Now that I covered CCNP topics ranging from switches and routers to security and quality of service, my next book come as a great overall review.

Computer and Communication Networks

Pearson’s Computer and Communication Networks by Nader F. MIR is a comprehensive book that cover many networking topics. While it doesn’t pretend to be a study guide, it does cover many topics and can be a great resource for those who already completed their studies, professionals who lack the official certifications but have good networking knowledge and even new comers without the basic knowledge.

The book has two parts: Fundamental concepts and Advanced concepts.
The fundamental concepts are great for either new comers or those who want to refresh their knowledge. It is updated to the 2010 networking state of mind and cover the basics. The advanced concepts are more complicated and you should have some prior knowledge to make the most out of it. As someone who just completed CCNP and has most of the theory (still) fresh in his head I found it comprehensive but not too deep (that is why we have certification exams ;))

Part I – Fundamental Concepts start with the basic protocol and packet concepts. It covers devices and transmission options and explain LAN, Wireless and Routing. The end of this part cover the most common protocols (such as TCP, UDP and DNS) and network security.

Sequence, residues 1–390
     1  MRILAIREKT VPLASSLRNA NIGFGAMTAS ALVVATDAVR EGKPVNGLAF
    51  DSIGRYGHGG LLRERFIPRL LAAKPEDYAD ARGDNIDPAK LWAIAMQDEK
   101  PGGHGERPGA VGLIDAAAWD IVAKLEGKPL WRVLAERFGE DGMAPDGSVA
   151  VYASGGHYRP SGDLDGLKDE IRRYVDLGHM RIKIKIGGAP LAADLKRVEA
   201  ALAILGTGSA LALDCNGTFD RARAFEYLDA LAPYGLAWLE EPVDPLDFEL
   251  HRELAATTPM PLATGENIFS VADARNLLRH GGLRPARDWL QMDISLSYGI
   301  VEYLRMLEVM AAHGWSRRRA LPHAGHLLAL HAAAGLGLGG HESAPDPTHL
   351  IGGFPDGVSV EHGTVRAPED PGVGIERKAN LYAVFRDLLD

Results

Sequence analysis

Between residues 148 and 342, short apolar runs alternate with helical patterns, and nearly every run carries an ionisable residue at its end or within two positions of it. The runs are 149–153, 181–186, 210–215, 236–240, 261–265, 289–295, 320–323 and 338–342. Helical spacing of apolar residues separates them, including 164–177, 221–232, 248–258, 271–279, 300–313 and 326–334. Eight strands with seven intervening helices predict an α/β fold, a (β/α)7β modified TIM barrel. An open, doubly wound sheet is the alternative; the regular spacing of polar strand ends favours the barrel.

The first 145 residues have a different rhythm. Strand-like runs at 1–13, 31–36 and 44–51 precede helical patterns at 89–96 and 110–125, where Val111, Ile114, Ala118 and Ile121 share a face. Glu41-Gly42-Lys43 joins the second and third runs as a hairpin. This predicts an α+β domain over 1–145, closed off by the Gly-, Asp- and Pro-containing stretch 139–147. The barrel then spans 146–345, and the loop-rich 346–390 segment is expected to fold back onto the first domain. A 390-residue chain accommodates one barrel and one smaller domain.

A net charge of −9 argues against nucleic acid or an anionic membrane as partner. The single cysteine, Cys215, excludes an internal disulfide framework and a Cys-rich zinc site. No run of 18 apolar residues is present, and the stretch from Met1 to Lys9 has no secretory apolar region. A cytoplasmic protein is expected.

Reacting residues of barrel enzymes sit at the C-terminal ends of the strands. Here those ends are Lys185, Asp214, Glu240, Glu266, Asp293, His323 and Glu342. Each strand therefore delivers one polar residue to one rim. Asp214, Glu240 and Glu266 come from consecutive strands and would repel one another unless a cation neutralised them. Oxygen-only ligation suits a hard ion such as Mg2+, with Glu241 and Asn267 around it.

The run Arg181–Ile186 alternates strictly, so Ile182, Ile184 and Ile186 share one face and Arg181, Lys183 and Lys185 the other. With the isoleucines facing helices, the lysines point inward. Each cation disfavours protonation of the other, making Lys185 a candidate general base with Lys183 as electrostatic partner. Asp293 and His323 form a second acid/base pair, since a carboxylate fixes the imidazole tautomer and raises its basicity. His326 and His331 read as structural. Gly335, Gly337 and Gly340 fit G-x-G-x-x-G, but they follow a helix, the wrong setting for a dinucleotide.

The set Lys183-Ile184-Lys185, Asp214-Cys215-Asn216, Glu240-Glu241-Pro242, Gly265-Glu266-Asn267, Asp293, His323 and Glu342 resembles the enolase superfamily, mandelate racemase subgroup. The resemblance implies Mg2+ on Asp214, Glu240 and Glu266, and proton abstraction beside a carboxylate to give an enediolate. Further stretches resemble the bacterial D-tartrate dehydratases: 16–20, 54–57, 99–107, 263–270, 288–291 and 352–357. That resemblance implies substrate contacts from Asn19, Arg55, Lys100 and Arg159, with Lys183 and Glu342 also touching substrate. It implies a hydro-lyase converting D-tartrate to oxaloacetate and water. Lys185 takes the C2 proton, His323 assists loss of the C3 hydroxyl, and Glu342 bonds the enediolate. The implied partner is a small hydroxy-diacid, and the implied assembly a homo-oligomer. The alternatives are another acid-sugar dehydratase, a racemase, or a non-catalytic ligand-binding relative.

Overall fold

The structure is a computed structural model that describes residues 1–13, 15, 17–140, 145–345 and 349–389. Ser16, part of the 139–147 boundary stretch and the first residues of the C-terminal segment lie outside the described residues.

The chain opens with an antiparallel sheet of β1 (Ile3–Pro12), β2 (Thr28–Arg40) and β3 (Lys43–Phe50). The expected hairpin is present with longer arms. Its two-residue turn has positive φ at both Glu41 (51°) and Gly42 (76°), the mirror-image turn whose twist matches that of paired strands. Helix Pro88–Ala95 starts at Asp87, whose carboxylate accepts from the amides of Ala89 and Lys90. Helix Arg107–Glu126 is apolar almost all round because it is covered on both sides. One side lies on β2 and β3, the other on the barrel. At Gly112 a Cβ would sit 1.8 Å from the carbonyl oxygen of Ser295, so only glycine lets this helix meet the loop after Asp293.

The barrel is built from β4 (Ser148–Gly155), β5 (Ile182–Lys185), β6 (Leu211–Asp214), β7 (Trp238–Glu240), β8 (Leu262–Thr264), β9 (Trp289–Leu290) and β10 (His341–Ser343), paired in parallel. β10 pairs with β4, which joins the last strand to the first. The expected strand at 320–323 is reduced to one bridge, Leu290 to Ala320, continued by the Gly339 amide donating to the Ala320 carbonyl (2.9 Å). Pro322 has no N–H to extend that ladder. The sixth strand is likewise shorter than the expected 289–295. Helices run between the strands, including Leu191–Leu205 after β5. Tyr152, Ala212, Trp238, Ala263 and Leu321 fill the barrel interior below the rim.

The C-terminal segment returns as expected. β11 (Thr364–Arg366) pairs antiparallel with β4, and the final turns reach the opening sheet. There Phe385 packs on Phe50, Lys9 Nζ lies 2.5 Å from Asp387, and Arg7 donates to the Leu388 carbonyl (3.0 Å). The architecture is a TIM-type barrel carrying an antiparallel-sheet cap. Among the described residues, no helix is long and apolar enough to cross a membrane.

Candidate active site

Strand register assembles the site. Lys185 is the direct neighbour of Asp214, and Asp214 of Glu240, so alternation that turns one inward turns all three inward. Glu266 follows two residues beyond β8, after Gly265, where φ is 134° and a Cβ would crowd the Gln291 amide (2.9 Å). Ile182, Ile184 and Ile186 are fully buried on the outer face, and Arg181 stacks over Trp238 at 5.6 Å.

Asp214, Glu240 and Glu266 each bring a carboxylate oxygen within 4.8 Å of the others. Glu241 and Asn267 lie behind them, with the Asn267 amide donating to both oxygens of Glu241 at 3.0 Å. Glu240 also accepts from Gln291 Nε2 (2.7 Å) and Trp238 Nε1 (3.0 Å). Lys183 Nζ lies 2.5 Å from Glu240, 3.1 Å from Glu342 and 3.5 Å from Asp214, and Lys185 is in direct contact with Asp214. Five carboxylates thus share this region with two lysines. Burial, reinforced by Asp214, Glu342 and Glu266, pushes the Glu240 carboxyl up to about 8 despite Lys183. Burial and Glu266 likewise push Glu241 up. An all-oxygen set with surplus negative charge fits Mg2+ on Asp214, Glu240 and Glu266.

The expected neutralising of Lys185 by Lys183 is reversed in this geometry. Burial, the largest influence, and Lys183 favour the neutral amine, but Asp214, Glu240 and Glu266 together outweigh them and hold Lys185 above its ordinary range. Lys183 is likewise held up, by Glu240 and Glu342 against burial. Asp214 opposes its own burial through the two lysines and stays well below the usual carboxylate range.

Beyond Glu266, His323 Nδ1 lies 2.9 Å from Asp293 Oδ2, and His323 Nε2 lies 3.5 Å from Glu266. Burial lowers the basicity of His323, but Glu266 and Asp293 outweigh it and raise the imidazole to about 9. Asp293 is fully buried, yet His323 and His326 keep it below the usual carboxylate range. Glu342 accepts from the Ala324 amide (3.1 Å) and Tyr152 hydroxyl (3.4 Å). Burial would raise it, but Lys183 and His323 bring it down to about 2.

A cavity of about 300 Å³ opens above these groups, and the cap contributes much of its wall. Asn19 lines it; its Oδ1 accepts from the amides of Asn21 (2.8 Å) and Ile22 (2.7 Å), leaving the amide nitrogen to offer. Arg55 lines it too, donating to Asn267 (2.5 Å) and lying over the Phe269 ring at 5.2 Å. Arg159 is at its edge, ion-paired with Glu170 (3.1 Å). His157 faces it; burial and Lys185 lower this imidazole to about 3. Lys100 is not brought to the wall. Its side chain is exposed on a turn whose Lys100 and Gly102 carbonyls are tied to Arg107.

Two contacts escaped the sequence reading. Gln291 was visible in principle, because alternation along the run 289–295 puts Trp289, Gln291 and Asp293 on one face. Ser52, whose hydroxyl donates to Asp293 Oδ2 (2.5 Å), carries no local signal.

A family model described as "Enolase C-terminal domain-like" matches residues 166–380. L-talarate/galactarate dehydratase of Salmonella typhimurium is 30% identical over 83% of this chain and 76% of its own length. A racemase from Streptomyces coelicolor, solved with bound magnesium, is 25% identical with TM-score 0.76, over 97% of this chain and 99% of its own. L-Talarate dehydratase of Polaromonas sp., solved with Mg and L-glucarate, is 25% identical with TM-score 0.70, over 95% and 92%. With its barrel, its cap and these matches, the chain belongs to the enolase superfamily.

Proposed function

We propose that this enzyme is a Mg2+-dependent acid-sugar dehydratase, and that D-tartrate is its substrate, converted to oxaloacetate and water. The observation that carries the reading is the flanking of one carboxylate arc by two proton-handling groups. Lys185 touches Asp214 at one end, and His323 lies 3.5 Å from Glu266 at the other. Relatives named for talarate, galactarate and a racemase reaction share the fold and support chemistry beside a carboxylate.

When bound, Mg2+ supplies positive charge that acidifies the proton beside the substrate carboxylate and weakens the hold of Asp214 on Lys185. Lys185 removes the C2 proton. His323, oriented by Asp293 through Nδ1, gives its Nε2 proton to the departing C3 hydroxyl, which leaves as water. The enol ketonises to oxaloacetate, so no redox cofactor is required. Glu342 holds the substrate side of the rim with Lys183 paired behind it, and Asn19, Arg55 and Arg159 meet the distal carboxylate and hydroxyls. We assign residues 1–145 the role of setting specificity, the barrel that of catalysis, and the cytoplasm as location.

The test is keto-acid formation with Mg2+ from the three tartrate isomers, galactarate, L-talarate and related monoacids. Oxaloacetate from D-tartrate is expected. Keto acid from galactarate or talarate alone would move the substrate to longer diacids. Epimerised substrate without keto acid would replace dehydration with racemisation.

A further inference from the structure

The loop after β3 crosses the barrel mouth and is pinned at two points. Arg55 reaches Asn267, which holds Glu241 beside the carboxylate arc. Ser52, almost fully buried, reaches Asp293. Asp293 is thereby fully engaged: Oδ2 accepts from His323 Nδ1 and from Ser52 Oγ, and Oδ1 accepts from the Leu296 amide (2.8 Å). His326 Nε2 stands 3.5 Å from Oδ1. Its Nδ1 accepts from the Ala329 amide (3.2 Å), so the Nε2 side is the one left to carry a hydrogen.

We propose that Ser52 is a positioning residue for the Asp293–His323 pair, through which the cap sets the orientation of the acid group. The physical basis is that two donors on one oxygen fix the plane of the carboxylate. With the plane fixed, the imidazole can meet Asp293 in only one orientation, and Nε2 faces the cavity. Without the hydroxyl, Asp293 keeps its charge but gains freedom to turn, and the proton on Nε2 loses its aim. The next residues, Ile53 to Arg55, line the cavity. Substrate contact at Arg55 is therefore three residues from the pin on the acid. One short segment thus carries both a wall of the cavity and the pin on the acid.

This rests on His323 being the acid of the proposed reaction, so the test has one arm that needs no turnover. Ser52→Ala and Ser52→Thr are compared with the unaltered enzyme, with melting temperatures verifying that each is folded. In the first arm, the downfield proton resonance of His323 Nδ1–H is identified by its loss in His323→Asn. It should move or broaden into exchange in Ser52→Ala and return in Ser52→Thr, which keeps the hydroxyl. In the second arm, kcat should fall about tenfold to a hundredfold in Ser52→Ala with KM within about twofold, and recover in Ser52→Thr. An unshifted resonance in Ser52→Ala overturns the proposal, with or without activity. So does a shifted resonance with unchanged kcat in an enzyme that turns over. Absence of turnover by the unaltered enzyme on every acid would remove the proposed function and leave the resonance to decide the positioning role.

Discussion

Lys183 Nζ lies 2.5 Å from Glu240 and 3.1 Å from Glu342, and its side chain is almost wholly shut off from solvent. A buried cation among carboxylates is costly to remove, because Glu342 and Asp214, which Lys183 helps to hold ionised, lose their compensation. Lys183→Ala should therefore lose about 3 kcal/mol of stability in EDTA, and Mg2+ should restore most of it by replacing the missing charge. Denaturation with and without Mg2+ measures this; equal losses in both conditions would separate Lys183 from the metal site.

Part II – Advanced Concepts, cover some of the more complex networking ideas like QoS, Switch fabrics, optical networks and multicasting. The last few chapters explain VPNs and tunneling, data compression (video and voice), VoIP, Mobile and Wireless.

I really like the RFCs list in Appendix B. When you study\read\research a new topic and look for some extra information, RFCs are the best place to start. This list can save you the search time and point you directly to the RFC number you need.

This is a good book to keep in your library, one day you’ll need something and will definitely find it in this book.

Check all my reviews here

40-year-old virus

No, I’m still alive and though disappeared from your mailbox or RSS feed, everything is good on my end. I was busy with few personal issues and hope to get back on track in few days.